“That’s how close this group was. It was extraordinarily close. I know for a fact, in the 30 years I’ve been in basketball, I’ve never been with a group that’s ever been that close. And it’s not even close to a second. When the game started, the other team was the enemy and that was pretty cool.”


Amar’e Stoudemire tries to recapture form

Before each game, Amar’e Stoudemire lies on the floor of the Knicks’ locker room and puts inflated bags on each leg as a means of therapy for his surgically repaired knees. The six-time All-Star is trying to return to old form, but knee issues have caused him to miss 72 games over the previous two seasons and be relegated to a bench role.

Stoudemire, once a top-five player in the NBA, hasn’t started a game since April 2012. But he continues to keep the faith and hold hope that he can return to that imposing player he once was. After scoring a season-high 18 points in the Knicks’ loss to the Celtics Friday, he’s averaging 15 points over his last five games. It’s not stunning, but it’s a start for Stoudemire.

“I know that hard work pays off and if it doesn’t I’d rather just take the notion that it would than to be negative,” he said. “I always look at the glass half-full as opposed to half-empty. I work extremely hard so I do whatever I can to get back in top shape.”

Stoudemire puts his body through an intense regimen for the privilege of stepping on the court. He has undergone major surgery on each knee and doesn’t have the spring in his jump from his early days with the Phoenix Suns.

“I never thought [my body would break down]; I thought I was invincible when I was 18, 19,” said Stoudemire, who entered the 2002 draft out of high school. “With time, man, when you play at a high level, when you play so many games, you’re so athletic, the amount of pressure going up is half the pressure coming down. Just being athletic and being that type of player, it catches up with you, but at the same time you’ve got to understand what nutrition is and take care of your body and fitness.

“I feel I can still get back. It’s not over until it’s over. Your body can still react. Your body is an unbelievable mechanism and you can do whatever you put your mind to and whatever you work toward. The sky’s the limit. I believe in the higher power, man. So I understand that if I continue to work and stay humble, you never know what can happen.”


As expected, Toronto general manager Masai Ujiri lost patience with his roster and shipped Rudy Gay out of town after less than a year after he was acquired from Memphis. Ujiri said he would give the Raptors time to determine whether they are a legitimate Eastern Conference contender, and apparently got his answer after Toronto blew a 27-point lead at Golden State Dec. 3. Gay never meshed with fellow scorer DeMar DeRozan and the Raptors were a team with good players but not a great one. Now Ujiri gets to rebuild the roster in his style. But the question is, will coach Dwane Casey survive the changes? . . . There have been intimations that the Thunder are open to moving swingman Jeremy Lamb, who is averaging 9.5 points per game off the bench. Oklahoma City has not been shopping the former UConn standout, but it is looking for a scorer to emerge between Lamb and former Boston College guard Reggie Jackson. Meanwhile, former Celtic Kendrick Perkins remains in the Thunder’s starting lineup but his playing time (18 minutes per game) is his lowest since 2004-05 in Boston (9.1). Perkins has been sharing minutes with rookie center Steven Adams . . . The Charlotte Bobcats will unveil their new Hornets logo on Dec. 21, hoping a return to the old nickname will generate more fans and more support. The Bobcats are 25th in the NBA in attendance despite a better-than-expected record and there is a perception that most of the local fans have never embraced the new team after the original Hornets abruptly departed for New Orleans in 2002. The Philadelphia 76ers, by the way, are last in the NBA in attendance . . . With the Lakers missing reliable point guard SteveBlake for six weeks, they will be in search of a distributor because Steve Nash, who has missed the past month with a back injury, isn’t close to returning, and Jordan Farmar is out with a torn left hamstring. Two former Lakers, Chris Duhon and Darius Morris, are free agents looking for work. Los Angeles could also rely on Nick Young and Xavier Henry to man the point . . . Jermaine O’Neal is out indefinitely after requiring surgery to repair a torn ligament in his right wrist. That is not the same wrist that O’Neal had surgery on in March 2012, which ended his tenure with the Celtics. O’Neal was having a resurgent season with the Warriors after injuries to his wrist and knees plagued him the past few years.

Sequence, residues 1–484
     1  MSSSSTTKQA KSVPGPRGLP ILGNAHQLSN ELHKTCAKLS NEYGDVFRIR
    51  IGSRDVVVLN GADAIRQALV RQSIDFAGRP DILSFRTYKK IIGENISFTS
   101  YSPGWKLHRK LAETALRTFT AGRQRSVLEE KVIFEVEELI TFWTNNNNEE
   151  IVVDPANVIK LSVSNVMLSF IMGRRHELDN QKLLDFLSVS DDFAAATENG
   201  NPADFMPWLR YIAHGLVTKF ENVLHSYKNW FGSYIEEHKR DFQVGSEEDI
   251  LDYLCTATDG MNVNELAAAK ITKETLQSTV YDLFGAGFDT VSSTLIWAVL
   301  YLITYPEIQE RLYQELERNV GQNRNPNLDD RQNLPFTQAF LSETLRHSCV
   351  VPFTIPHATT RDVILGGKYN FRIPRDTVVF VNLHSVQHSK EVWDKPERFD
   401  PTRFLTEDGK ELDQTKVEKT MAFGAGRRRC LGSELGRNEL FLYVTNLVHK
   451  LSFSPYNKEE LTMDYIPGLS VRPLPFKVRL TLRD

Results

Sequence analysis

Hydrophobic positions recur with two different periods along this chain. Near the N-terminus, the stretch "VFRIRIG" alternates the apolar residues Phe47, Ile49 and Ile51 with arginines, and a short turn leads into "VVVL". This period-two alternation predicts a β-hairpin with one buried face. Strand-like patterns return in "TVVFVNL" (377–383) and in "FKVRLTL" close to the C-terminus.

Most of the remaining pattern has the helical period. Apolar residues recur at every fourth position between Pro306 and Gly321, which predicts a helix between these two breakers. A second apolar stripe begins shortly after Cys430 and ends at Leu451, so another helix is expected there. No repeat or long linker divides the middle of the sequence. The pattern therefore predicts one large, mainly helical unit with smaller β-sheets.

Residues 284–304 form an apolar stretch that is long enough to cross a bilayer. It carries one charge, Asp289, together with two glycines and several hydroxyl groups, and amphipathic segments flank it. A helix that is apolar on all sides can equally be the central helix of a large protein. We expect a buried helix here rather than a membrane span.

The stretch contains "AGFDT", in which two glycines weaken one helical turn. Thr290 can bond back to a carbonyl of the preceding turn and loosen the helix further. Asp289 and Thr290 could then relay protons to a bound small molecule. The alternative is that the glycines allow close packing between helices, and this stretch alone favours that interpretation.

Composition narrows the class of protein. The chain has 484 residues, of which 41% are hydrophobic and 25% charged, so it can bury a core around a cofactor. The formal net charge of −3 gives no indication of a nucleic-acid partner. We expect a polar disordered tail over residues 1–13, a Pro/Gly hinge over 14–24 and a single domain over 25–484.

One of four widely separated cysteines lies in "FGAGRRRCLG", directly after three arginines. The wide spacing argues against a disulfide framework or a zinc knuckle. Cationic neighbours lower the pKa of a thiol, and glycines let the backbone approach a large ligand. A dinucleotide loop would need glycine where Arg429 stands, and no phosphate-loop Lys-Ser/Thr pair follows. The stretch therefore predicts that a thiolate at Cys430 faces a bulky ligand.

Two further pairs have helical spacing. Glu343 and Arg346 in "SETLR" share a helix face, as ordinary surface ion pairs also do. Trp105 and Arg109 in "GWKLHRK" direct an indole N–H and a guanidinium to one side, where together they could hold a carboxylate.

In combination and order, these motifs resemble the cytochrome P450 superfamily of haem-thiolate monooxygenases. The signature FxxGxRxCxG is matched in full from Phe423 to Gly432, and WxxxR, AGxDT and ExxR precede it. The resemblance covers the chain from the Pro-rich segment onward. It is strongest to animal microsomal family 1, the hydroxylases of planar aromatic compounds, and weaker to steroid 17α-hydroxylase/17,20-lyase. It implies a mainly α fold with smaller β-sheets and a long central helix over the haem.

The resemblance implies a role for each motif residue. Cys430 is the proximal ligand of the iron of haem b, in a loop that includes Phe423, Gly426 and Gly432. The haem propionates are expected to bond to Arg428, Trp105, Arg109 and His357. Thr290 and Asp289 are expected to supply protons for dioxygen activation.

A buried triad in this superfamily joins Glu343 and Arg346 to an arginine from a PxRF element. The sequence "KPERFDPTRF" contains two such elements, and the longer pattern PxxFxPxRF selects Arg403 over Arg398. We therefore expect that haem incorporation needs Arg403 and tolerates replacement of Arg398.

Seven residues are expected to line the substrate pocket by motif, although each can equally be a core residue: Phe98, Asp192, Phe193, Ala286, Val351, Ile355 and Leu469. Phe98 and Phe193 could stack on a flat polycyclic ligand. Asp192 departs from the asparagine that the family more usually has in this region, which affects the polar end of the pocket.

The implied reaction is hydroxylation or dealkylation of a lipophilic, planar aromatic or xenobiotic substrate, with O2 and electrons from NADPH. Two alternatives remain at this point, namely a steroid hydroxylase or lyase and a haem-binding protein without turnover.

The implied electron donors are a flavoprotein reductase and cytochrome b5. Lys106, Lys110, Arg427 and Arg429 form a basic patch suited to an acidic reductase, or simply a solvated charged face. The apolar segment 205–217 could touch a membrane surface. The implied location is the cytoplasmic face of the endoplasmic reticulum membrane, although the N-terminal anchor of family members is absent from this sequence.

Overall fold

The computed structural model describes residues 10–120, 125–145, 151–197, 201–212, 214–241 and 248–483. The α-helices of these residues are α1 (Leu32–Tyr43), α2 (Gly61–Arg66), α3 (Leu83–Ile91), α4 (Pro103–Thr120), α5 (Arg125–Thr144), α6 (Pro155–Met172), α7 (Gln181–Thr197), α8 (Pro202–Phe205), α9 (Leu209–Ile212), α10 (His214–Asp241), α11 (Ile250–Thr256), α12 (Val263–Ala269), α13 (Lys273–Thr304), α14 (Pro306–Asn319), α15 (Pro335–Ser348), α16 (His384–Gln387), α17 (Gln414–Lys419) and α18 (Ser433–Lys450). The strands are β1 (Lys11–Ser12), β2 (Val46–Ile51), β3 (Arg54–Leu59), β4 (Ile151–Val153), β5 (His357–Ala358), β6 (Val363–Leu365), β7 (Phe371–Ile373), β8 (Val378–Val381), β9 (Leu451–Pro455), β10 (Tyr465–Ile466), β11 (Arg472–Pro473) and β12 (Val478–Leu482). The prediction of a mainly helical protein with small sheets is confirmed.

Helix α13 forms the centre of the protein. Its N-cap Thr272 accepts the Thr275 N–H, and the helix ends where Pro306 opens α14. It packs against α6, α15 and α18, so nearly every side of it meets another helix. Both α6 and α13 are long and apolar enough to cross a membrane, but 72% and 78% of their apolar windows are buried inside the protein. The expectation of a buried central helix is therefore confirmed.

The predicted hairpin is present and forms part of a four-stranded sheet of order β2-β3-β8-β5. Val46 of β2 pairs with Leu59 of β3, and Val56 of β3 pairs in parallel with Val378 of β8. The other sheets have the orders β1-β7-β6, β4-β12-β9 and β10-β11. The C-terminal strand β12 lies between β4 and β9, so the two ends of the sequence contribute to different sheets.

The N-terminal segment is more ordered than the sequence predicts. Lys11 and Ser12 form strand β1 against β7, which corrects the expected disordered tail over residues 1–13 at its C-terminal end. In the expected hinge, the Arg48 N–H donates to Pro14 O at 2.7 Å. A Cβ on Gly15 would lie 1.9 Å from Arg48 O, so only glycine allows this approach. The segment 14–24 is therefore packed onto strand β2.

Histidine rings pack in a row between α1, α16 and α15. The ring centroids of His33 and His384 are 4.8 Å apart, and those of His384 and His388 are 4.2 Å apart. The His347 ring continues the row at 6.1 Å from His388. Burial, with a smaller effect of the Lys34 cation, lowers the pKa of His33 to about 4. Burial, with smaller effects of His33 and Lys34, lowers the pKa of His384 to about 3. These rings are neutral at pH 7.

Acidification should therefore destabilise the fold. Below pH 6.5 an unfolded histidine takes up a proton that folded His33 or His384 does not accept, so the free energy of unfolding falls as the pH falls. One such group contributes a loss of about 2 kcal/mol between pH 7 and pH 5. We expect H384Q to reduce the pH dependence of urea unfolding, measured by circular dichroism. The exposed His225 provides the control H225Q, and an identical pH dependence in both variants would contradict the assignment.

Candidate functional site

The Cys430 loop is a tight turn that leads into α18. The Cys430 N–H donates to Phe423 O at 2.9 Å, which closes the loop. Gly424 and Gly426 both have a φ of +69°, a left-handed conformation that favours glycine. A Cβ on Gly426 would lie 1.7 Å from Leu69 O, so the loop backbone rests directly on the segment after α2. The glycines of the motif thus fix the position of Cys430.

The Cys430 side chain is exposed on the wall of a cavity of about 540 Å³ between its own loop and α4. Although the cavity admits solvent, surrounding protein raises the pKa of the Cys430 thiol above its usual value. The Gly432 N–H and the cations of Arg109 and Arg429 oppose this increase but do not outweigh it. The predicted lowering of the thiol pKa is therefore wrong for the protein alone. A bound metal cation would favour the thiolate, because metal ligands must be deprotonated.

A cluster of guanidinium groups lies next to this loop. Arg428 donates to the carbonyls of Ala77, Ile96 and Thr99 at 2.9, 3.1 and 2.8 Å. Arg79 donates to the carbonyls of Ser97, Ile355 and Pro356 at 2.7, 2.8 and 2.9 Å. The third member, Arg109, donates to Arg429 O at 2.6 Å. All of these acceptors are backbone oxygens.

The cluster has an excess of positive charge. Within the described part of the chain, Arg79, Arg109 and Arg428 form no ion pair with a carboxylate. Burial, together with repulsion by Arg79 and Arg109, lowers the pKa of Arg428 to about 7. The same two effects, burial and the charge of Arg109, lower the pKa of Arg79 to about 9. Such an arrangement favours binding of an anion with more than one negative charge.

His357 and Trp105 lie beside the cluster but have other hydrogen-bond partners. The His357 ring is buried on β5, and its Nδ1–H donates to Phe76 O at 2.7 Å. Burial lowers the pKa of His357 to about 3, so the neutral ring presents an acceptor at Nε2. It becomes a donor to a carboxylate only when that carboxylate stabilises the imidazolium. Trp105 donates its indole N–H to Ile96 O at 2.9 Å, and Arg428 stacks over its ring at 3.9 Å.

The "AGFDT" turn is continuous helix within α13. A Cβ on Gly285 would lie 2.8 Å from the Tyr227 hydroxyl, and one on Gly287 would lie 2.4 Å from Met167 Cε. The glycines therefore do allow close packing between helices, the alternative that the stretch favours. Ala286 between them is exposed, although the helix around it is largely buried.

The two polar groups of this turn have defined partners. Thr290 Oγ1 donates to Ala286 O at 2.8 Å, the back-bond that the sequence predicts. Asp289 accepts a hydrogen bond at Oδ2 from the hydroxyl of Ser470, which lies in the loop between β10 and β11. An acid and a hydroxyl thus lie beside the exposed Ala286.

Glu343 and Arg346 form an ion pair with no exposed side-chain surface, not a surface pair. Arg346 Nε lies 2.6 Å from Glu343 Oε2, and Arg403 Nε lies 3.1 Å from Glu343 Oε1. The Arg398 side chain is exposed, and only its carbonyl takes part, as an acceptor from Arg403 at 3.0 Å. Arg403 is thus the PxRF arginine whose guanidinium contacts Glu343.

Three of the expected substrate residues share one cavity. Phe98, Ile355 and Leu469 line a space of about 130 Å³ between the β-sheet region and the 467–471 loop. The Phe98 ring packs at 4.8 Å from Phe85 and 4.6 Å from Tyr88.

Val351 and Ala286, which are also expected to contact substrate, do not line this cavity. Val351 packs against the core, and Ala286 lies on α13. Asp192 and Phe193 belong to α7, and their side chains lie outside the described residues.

Gary Washburn can be reached at You can follow him on Twitter at @gwashNBAGlobe. Material from interviews, wire services, other beat writers, and league and team sources was used in this report.